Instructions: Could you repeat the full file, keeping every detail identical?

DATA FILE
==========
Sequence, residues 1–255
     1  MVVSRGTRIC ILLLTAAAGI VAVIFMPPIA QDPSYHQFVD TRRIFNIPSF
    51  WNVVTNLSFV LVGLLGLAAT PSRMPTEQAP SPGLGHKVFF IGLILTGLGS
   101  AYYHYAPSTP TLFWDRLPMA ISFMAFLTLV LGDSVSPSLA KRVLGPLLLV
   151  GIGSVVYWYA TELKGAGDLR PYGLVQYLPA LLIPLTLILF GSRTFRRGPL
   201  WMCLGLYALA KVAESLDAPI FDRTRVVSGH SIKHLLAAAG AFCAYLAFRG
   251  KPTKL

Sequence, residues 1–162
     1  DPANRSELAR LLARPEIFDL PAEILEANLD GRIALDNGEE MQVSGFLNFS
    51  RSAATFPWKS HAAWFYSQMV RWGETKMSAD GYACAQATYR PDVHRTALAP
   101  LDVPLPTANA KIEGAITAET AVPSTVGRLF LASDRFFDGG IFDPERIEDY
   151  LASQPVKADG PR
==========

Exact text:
Sequence, residues 1–255
     1  MVVSRGTRIC ILLLTAAAGI VAVIFMPPIA QDPSYHQFVD TRRIFNIPSF
    51  WNVVTNLSFV LVGLLGLAAT PSRMPTEQAP SPGLGHKVFF IGLILTGLGS
   101  AYYHYAPSTP TLFWDRLPMA ISFMAFLTLV LGDSVSPSLA KRVLGPLLLV
   151  GIGSVVYWYA TELKGAGDLR PYGLVQYLPA LLIPLTLILF GSRTFRRGPL
   201  WMCLGLYALA KVAESLDAPI FDRTRVVSGH SIKHLLAAAG AFCAYLAFRG
   251  KPTKL

Sequence, residues 1–162
     1  DPANRSELAR LLARPEIFDL PAEILEANLD GRIALDNGEE MQVSGFLNFS
    51  RSAATFPWKS HAAWFYSQMV RWGETKMSAD GYACAQATYR PDVHRTALAP
   101  LDVPLPTANA KIEGAITAET AVPSTVGRLF LASDRFFDGG IFDPERIEDY
   151  LASQPVKADG PR